Number 1 priority is to get the best deal for America

White House press secretary Sean Spicer Photo: Twitter
Quick question for you related to the Paris climate agreement.  Why does the president feel it’s important to continue to reduce carbon emissions and export clean energy technology?

Spicer: I think he understands the importance of clean air and clean water, as I just mentioned, and a healthy environment, but also doing so in a way that provides American workers and our economy a way to grow. But obviously, as administrator Pruitt pointed out, we’ve got a lot of technology that we can export to other countries and help them.

A very simple definition of climate change is a change in the earth’s weather patterns. The EPA administrator said today that he does feel there is some value to the studies that say the earth is warming somewhat. Does the president share the EPA administrator’s thoughts on this topic? And why has the administration sort of backed away from using the words “climate change”?

I don’t — I have not had an opportunity to specifically talk to the president about that.

Yesterday, the president painted a pretty dire economic picture if the US were to stay in the Paris accord, saying it would be disastrous for the economy. Yet dozens of the top CEOs of American corporations lobbied the president in order to stay in the Paris accord. Why would the president argue that this is bad for the economy if all those CEOs are saying, you know what, we need to do this? Is the president right about the economic forecasts and all those private sector leaders are wrong?

I think the president took input from a lot of individuals and there were other sectors that were very concerned about the implementation of it. Frankly, I think there were some companies and some organisations that are among those that you mentioned that, while they maybe wanted to stay in, also expressed concern about the target levels. But at the end of the day, the president’s number one priority is to get the best deal for the American people. This is who they elected last year. I think one of the things that we’ve got to remember is that the president was very clear on the campaign trail about his position on this, but he was also clear that he was going to negotiate the best deal for the American people. And if you look at all of the deals that we have — whether they’re the trade deals or Paris — the president has made it very clear that he’s committed to getting the best deal for America, America’s workers, America’s manufacturers.

The president’s critics are claiming that pulling out of the accord will lift China as a global leader.  Do you agree with that sentiment? What does the White House have to say about that?

I think part of the reason that the president said it was a bad deal is because countries, including China, were not making substantial progress in reducing their carbon footprint. They weren’t doing enough and America was carrying the load. So I think by negotiating a better deal, hopefully we can get a better result for our country and the world.

President Emmanuel Macron of France delivered a sharply-worded speech in English attacking the US president on the climate change decision, saying it is bad for all of our children. And he specifically called on scientists to come and move to France. What’s the president’s response to Macron?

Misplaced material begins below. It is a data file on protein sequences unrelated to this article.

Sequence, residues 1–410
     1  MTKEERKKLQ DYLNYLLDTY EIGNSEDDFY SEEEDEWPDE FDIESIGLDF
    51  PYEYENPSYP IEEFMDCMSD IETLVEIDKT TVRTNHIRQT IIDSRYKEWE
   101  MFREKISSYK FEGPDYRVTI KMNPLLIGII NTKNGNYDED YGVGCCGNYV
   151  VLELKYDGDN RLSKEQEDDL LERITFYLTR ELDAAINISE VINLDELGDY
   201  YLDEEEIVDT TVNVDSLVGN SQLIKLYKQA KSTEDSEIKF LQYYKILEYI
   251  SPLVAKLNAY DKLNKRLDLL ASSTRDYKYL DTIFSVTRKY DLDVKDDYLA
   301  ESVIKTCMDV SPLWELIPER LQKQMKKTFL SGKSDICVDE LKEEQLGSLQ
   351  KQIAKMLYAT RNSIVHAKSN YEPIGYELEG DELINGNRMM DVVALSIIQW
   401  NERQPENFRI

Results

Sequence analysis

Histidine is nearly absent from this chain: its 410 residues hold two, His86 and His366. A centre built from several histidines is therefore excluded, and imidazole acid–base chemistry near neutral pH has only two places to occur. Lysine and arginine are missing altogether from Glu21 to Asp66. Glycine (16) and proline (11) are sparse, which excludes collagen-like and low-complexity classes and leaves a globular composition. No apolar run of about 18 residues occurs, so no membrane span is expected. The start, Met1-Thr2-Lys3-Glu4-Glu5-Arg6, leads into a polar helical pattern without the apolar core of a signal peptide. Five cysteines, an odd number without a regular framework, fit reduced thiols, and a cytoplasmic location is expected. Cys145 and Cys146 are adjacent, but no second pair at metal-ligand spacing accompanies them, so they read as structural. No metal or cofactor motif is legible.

I think that the President has made it clear since day one that his job is to protect the interests of this country and our citizens. As he said, he was elected to represent Pittsburgh, not Paris.

Thanks, Sean. Two questions. Number one, when we heard the administrator talk about this decision on the Paris Climate Accord he said it’s not a signal that the U.S. wants to disengage on climate policy. So what are the steps that the administration is taking to engage internationally on climate? And secondly, as you well know, climate has been a key part of cooperation between the US and China. Will you try to replace that very important sort of intersection of interest with something else? Will you continue to do some technological cooperation on clean energy, for example, with the Chinese? Do you have any thoughts on that?

Well, this is a decision that was just made yesterday afternoon, and I think the president is going to engage both with domestic stakeholders — he mentioned in the speech that he looks forward to talking to leaders in both parties about a way forward and reasonable ways in which we can engage in that. And then he’ll obviously talk — continue to talk to world leaders. But that’s a process that has to evolve.

And on China?

What’s that?

And on China? The relationship with China, the point of cooperation — have you guys given some thought to how you’ll manage? Because the model was, you manage tensions with China as the US government by having areas of cooperation, and this was previously an area of cooperation. There’s obviously other areas that the White House is working on now with China, but do you envision some other cooperation on the area of climate with the Chinese government?

Well, the relationship that President Trump has established with President Xi has been quite remarkable. He’s talked about it very clearly. And it’s a model in which they’ll continue to build their relationship and talk about issues, whether it’s this or North Korea or other areas — economic areas that they’re going to work together on.

So I think that the great thing about this issue is that the relationship that the President has and continues to build with President Xi is one that will allow them to move forward.
Edited excerpt from the briefing by White House Press Secretary Sean Spicer to the media, in Washington on June 2

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